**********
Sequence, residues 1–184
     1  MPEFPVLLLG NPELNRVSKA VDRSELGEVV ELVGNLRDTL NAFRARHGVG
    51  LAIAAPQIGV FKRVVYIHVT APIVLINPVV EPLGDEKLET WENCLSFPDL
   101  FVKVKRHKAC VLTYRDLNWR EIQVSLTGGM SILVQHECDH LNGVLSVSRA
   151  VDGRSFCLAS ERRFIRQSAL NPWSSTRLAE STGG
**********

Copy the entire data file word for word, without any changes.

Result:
Sequence, residues 1–184
     1  MPEFPVLLLG NPELNRVSKA VDRSELGEVV ELVGNLRDTL NAFRARHGVG
    51  LAIAAPQIGV FKRVVYIHVT APIVLINPVV EPLGDEKLET WENCLSFPDL
   101  FVKVKRHKAC VLTYRDLNWR EIQVSLTGGM SILVQHECDH LNGVLSVSRA
   151  VDGRSFCLAS ERRFIRQSAL NPWSSTRLAE STGG